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The plastics paradox
Plastic packaging, contrary to a common misconception, aids in the reduction of energy use and carbon impact. Using plastic packaging and reusing it several times is an excellent approach for companies to reduce their impact on the environment and the emissions they produce.
Recycling plastic uses less energy than creating new packaging of a comparable design. Plastic packaging requires much less energy to produce than other materials like paper and metal. In the early days of mass-production of plastic, this was a major factor in its rapid adoption. The issue is not that producing plastic requires a significant amount of energy; rather, the issue is that we do not recycle nearly enough of the plastic that we already produce.
Wormser Group, a global leader in beauty packaging, has teamed up with Change Plastic for Good, a biotechnology company. By working together, they have come up with a recyclable and biodegradable plastic packaging line that is both environmentally friendly and safe for the environment.
The organic biodegradation boosting polymer known as BDP®, which is incorporated into the plastic during the manufacturing process, is key to the success of this innovative kind of plastic packaging. The modified plastics are degraded when they are subsequently placed in an environment devoid of oxygen and abundant in microbes. The byproducts of this process are biogas, which may be recovered and used as a source of renewable energy, and organic compost.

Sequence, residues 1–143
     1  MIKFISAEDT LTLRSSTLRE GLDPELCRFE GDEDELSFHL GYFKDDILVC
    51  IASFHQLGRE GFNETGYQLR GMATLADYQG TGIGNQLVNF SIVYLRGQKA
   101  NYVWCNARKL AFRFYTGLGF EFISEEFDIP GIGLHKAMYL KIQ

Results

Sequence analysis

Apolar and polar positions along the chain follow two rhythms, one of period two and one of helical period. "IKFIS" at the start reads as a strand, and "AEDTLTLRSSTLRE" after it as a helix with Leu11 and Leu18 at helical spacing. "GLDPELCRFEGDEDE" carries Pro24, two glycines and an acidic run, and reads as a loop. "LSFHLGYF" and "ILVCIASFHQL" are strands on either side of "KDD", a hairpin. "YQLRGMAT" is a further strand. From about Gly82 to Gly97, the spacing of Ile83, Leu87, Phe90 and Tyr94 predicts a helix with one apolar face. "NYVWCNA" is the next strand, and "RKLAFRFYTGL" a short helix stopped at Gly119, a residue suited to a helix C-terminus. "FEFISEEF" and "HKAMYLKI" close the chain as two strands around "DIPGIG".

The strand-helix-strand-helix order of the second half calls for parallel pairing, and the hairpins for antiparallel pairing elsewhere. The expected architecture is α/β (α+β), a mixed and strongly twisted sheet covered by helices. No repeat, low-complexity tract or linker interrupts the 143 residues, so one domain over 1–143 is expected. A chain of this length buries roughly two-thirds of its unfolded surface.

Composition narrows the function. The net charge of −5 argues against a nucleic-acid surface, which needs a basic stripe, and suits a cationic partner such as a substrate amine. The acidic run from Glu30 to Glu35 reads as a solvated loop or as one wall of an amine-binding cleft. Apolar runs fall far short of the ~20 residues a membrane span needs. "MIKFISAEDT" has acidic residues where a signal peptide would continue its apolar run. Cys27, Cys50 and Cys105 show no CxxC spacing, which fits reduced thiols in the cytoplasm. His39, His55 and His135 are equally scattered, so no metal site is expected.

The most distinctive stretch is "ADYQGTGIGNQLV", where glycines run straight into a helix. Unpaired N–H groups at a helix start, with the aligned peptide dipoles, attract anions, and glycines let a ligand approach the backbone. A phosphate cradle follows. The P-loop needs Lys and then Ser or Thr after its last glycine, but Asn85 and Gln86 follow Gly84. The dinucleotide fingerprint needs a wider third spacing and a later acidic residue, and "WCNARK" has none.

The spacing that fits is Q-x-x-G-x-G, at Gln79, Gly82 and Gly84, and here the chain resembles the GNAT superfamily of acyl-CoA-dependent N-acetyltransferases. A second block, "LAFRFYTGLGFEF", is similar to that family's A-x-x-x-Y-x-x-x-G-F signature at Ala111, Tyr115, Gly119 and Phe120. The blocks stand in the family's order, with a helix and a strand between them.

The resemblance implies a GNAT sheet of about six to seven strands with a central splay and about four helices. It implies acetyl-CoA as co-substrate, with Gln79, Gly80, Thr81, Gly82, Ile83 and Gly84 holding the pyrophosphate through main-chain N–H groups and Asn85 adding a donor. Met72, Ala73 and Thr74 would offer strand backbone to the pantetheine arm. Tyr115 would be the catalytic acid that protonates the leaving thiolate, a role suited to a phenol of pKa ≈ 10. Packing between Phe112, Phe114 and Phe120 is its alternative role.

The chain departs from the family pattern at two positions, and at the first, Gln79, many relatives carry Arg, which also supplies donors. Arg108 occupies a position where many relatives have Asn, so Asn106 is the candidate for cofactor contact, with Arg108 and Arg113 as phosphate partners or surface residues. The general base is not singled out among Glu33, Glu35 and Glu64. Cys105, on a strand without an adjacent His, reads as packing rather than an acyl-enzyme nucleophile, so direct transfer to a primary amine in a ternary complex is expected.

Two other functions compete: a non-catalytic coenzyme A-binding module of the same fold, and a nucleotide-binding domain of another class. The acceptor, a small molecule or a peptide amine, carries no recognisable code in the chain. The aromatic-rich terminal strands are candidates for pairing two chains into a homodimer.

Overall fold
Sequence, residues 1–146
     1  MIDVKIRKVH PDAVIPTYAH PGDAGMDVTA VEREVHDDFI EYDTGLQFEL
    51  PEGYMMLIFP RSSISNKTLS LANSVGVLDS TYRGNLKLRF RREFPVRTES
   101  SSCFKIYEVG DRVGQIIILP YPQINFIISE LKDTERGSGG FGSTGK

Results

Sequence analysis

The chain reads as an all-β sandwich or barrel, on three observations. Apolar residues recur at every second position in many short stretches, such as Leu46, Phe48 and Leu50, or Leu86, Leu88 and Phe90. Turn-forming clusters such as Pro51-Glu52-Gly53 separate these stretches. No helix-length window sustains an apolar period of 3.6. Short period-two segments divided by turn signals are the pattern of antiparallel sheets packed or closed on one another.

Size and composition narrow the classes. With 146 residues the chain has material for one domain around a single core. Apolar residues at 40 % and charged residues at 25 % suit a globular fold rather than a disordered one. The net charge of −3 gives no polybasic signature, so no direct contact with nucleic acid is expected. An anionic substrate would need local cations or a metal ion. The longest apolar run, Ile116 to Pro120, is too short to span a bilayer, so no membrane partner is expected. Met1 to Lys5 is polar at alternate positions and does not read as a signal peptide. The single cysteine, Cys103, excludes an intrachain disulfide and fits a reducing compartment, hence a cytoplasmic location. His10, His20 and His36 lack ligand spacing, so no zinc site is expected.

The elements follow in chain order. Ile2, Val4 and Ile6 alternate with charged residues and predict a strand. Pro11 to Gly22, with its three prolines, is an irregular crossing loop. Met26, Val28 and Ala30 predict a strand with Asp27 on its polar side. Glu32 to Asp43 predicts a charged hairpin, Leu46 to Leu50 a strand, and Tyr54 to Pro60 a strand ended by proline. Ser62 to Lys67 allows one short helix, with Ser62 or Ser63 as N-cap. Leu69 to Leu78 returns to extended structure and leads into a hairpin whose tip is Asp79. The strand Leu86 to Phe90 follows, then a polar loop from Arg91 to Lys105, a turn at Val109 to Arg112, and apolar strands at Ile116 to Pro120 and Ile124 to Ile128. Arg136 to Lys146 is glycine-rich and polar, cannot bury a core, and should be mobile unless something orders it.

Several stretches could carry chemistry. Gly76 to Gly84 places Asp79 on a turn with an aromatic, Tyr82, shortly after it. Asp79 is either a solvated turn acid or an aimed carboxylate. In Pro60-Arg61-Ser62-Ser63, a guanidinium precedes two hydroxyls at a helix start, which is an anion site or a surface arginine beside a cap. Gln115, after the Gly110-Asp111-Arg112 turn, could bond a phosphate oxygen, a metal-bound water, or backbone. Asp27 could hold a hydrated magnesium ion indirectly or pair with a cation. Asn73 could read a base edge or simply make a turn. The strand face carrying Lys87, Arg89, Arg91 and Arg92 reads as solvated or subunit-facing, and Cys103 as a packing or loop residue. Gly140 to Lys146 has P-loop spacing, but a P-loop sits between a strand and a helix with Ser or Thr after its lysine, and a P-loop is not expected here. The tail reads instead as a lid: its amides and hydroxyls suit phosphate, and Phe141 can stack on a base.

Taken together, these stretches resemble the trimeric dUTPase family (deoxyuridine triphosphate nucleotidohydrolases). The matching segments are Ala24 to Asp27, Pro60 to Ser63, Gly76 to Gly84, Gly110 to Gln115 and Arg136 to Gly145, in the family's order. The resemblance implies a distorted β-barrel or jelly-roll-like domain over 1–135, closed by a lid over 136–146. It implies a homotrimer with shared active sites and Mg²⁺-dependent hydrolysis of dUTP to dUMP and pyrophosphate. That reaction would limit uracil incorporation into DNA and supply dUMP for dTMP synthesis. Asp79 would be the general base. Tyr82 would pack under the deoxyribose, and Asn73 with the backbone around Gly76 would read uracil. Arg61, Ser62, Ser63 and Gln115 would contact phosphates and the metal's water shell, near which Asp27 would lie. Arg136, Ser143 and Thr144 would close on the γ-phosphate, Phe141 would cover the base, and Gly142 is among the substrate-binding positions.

Major breakthroughs in innovative packaging have focused primarily on various elements of sustainability, such as the capability to recycle, biodegrade, compost, refill, and reuse containers, as well as the use of biobased materials or raw materials produced from renewable resources. These tendencies are being pushed ahead by a number of different forces, the first of which is an increased eco-consciousness on the part of individual customers. In addition, businesses are putting more of an emphasis on the 3 R's (Reduce, Reuse, and Recycle) in an effort to seem more futuristic.
It's no secret that suppliers are looking for ways to make their businesses and the cosmetics companies they work with more eco-friendly. Among these are using less material, increasing the proportion of PCR materials in their packaging, switching to single-material packaging, employing innovative material combinations, and utilizing recyclable or refillable containers.